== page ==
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Who is the hero of Animal Farm?

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Who is the hero of Animal Farm? The novel Animal Farm was written in 1945 by author George Orwell. George Orwell was the pseudonym of Eric Arthur Blair, he was a British writer born in Motihari, India in 1903. Animal Farm is a novel based on the lives of a society of animals living on the Manor Farm. Although the title of the book suggests the book is merely about animals, the story is a much more in depth analysis of the workings of society in Communist Russia. The animals are used as puppets to illustrate how the communist class system operated, how Russian citizens responded to this, how propaganda was used by early Russian leaders such as Stalin and the effect this type of leadership had on the behaviour of the people of Russia. Mr. Jones' principles and harsh mistreatment of the animals that Napoleon adopted proves to the reader that communism is not equality, but just another form of inequality. What qualities make a hero? Are they a large number of good deeds or something to do with one extraordinary event/achievement? Could it be the stereotype-clich� superhero meaning, maybe it's someone we admire? Perhaps it's someone who puts his or her own life on the line to save others- a someone with an aura of invulnerability. Many people would say that you have to be brave, fearless and courageous. Usually, in a book or film the protagonist is the hero. Boxer, Snowball and Clover seem to fit many of these interpretations of a hero. ...read more.


Maybe Boxer would do anything Napoleon asks. An effect of this phrase to the other animals would be that it would make other animals not question the decisions of Napoleon because many animals would do what Boxer does because Boxer does have influence. Everything about Boxer seems to screams that he is the hero but there are strong reasons against this conclusion. Firstly Boxer is not in the whole novel, which could signify that Orwell did not mean Boxer to be the hero. Secondly, he has the flaw of blind faith outlined in is brainlessness. Boxer is too stupid to realise that he is being used by Napoleon this greatly annoys the reader. Boxer doesn't fight for his rights or for the animal's rights. This tells us that Boxer is nothing without a brain. A simple fact is Boxer could never save the inhabitants of Animal farm form the tyranny of Napoleon because of his lack of common sense and knowledge. If there were any chances of him doing so, it would be through Benjamin. Thirdly, Boxer doesn't know what is good for him - a bit like a baby. Against the advice given by a Clover and Benjamin, Boxer works too hard eventually leading to his downfall. Isn't a hero meant to know when to stop? Fourthly, although he is a major character, we never know Boxer's thoughts apart from his two frequent maxims. Finally, an arguable point is that Boxer never set himself up to be hero, which tells us that he was doing what he thought was right. ...read more.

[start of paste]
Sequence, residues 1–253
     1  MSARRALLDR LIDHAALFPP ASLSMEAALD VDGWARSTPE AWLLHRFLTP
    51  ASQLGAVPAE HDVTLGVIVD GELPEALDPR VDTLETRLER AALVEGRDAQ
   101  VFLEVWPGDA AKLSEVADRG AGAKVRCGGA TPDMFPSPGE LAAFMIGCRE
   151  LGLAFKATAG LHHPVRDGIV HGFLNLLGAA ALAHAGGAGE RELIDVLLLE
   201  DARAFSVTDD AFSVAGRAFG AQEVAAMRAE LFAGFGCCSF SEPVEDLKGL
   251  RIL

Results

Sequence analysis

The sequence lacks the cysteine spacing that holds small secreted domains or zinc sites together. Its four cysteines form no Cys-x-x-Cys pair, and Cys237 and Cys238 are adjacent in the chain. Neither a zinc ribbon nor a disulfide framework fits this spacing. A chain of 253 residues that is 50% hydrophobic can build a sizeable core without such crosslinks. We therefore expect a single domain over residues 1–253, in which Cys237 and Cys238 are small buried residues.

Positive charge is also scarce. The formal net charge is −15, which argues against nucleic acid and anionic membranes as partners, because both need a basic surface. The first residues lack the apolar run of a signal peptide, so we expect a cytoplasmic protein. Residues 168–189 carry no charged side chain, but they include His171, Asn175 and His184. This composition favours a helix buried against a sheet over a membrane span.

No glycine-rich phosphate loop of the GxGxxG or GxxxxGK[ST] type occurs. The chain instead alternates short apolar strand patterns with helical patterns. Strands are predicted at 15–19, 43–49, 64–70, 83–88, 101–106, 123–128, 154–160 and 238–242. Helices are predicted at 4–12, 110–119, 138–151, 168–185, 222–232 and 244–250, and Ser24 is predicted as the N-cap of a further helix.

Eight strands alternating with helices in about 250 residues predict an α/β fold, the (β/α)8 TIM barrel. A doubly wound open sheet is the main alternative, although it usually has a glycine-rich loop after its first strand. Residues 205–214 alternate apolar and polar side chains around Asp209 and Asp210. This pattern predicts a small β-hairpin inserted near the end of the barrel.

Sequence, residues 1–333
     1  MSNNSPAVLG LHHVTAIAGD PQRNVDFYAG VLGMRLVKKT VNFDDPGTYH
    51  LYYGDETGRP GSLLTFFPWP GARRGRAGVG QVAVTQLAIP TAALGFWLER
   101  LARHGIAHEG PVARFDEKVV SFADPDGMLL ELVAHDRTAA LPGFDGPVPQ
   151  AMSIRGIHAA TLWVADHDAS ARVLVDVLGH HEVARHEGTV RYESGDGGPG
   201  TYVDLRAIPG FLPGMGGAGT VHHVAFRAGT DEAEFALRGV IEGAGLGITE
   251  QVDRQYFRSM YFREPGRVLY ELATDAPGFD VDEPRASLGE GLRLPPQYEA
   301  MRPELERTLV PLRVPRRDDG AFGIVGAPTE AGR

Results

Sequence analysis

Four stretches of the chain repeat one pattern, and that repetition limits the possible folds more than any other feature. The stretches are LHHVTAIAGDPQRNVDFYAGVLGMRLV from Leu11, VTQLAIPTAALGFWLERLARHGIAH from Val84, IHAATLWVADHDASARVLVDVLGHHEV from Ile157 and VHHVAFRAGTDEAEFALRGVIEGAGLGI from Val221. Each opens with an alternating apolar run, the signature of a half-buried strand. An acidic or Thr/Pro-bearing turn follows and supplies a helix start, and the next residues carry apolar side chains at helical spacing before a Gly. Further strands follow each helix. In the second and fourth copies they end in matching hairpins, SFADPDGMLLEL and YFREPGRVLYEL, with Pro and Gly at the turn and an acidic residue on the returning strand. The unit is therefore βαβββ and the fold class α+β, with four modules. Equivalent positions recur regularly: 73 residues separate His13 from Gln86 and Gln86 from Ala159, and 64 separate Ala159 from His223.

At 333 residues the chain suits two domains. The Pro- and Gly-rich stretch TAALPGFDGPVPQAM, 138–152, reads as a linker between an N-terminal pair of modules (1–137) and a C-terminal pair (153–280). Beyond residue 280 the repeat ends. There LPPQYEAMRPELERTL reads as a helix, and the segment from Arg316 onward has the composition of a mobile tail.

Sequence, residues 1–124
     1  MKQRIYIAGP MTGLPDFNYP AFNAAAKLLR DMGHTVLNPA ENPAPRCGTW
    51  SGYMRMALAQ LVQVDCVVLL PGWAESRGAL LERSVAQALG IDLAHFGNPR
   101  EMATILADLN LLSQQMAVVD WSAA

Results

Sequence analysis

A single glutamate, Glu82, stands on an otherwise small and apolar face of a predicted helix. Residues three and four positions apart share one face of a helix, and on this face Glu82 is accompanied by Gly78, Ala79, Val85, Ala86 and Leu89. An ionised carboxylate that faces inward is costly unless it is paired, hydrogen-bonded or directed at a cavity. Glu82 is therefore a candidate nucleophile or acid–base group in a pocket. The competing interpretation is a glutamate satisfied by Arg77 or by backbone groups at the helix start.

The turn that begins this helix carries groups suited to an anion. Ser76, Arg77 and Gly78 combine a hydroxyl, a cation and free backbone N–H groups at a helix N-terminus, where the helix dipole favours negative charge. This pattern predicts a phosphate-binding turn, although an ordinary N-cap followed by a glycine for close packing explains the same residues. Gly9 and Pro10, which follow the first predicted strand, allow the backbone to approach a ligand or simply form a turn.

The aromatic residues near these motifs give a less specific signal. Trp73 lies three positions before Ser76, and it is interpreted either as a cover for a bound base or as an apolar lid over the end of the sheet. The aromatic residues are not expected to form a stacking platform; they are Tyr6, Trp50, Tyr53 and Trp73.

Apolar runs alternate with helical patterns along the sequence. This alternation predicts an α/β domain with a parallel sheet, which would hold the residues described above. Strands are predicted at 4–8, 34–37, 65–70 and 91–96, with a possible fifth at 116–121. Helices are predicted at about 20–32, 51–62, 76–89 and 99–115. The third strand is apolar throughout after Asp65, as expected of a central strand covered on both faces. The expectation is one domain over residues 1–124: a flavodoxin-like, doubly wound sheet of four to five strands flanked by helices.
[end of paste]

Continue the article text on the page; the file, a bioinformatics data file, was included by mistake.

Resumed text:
Clover has also made it through the worst times and lived to tell the tale, which is quite extraordinary considering what she has been through. Clover is a much more subtle character than Boxer and Snowball, therefore Orwell hasn't associated her with any particular big feat and although she is cleverer than Boxer, she just cant grasp what deception is being employed by Napoleon. Boxer, Snowball and Clover are all very good candidates to be called the hero of animal farm but really I think there can be only one hero, Boxer. Purely on his strength, determination and fearlessness Boxer has managed to get the farm out of every laborious difficulty and battle. If it were not for him the book might not even have gotten past chapter 3. Time after time we are told that everyone is inspired and admires Boxer, everyone, including the reader, adores him. The point that states Boxer isn't in the whole novel that is against him being a hero, I say that he is in most of the novel anyway. It is not Boxer's fault he doesn't do anything to stop Napoleon - it is Benjamin's. Benjamin knew full well what was going on and yet didn't tell anyone, if he told Boxer, Napoleon could be stopped. Boxer has a large number of heroic deeds to his name and the largest number of positive points out of the three individuals, that's why Boxer is my hero of animal farm. I think Orwell didn't intend to have a hero in the first place, simply because he is concerned with politics in this book, not individuals. ...read more.

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This essay shows a good understanding of characters but the structure needs work. The strengths and positions of each character should be analysed in a comparative way as the essay progresses, rather than each one taking up a section of the essay.

4 Stars

Marked by teacher Laura Gater 29/05/2013

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